You started out as a drummer, playing across Wisconsin. You eventually became a frontman. How did that come about?
At that time I was playing in this cover band called Rated-X. And like you said, I was pretty much just drumming then and doing some haphazard back-up vocals here and there. I was terrible. But anyway, we were together only several months and then our lead singer quit. Well, we kept on practicing, but playing tunes without vocals got old quick.

So, out of impatience and frustration I grabbed a mic and put it on a mic stand next to my drums. And what happened next, wow, I remember this vividly now, we ran down Zep's 'Rock 'n' Roll'. It went really well and surprised the shit out of the band and me. I mean it wasn't great, but it was pretty damn good considering I had never really sung before, and especially for never having sung while playing drums. Anyone who sings and plays drums knows what I am talking about.

See this was really a turning point for me because I always wanted to sing in a band. I wanted to be 'the' man. The guy up front everyone was watching. It was one of those things I just knew in my heart I could do, and do well. But man, self-esteem was always something I totally lacked growing up. I had no self-confidence.

And at that point I only had the nerve to sing in my car. But back on that day in June it was just that setting, that time, the comfort with my friends in the band and confidence in my drumming that I just said, 'Fuck it.' to myself and I grabbed the mic. From there on I was the lead singer and the drummer.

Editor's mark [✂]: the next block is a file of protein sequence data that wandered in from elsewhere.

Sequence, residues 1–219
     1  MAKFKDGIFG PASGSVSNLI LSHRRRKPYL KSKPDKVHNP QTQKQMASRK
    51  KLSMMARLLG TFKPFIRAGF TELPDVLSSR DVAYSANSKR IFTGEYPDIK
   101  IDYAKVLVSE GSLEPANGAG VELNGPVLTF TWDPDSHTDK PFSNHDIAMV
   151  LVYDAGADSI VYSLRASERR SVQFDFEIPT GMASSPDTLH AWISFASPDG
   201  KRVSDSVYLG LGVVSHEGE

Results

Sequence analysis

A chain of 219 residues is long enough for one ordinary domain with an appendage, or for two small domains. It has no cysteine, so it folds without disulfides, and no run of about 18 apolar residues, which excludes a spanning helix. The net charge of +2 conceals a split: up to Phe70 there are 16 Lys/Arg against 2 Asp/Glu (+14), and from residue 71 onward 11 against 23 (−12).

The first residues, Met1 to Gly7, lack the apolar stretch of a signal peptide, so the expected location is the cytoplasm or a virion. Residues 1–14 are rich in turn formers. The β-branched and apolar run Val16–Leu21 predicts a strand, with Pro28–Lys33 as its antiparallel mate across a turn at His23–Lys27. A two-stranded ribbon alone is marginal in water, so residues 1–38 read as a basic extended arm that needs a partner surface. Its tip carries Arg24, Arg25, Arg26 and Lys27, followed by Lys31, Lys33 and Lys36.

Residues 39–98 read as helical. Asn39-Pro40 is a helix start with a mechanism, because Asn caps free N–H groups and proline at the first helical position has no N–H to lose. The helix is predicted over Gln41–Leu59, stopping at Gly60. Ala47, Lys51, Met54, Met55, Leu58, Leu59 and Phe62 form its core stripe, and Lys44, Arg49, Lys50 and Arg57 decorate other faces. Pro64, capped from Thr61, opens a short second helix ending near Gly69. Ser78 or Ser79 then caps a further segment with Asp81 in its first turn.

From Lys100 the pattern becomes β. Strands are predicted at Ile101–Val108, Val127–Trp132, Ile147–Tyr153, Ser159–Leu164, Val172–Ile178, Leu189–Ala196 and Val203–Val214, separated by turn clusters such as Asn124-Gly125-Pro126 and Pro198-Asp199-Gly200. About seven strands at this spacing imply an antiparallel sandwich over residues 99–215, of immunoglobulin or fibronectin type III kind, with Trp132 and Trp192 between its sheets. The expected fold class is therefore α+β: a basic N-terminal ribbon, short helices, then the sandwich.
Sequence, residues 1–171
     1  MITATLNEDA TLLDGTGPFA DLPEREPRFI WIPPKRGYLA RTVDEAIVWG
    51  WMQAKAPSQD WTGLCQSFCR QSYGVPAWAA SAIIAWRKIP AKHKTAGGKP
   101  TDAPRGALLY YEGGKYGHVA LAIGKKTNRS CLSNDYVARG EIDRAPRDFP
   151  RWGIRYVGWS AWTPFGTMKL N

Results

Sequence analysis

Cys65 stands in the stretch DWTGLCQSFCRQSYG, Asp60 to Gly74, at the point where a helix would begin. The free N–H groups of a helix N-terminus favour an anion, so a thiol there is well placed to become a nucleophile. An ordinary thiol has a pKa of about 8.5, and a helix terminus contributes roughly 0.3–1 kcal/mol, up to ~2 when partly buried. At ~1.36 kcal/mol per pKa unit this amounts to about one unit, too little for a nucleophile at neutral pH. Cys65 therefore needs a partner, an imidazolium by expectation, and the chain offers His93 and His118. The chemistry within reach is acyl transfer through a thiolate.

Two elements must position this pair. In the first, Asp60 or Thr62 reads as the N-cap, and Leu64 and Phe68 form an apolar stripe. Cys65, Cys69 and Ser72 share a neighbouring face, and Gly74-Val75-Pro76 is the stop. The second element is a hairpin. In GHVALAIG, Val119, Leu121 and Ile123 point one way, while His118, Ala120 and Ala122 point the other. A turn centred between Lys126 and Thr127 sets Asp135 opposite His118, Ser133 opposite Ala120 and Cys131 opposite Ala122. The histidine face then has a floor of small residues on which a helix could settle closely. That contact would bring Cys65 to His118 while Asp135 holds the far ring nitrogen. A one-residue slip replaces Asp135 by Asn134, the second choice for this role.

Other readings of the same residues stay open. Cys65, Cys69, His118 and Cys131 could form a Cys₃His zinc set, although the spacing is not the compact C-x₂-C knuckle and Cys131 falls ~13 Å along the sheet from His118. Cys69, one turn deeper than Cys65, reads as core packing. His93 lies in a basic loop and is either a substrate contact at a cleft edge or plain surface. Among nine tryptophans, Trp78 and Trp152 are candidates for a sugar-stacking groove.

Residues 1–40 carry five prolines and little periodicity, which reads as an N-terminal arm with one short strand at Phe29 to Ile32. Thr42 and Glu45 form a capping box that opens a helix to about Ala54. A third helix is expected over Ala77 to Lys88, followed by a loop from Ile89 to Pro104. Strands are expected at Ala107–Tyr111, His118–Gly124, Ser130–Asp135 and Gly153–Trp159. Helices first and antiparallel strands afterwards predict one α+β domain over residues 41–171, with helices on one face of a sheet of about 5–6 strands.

Well, that lasted about a year. Because, well first of all for one reason: singing and drumming hard rock is frickin' hard work! I would be completely dead after those gigs--totally fried. And my arms felt like they were dragging on the floor, plus it usually took me until about 3 or 4 in the afternoon to get up the energy to get out of bed the next day.

I never made it to class on days after a gig. Anyway, the other reason it only lasted a year was because the band broke up. The vibe we had going on at the time was getting' old and stale. Besides that, the guitarist and I were kind of sick of each other. We always had this love/hate relationship between us.

However, fast-forward about six months later. At that time I was singing and playing in another band. It was pretty much just about making cash and just boring. One afternoon my roommate, the bass player from Rated-X, was telling me about his then present band's frustration with their singer being unreliable and never showing up for rehearsal.

The guitarist from Rated-X was also in this new band. Anyway, I got this 'great' idea. You see, by this time I really, really wanted to try lead singing. I mean true lead singing--just me and a mic and no drums to get in my way.


So, I offered to help my buddies out by sitting in on vocals so they could do a rehearsal and work on their tunes. Well man, they were all over it, because they were dyin' to finally do a full rehearsal. OK, so the wheels are really turning in my head, and I start mapping out this little plan.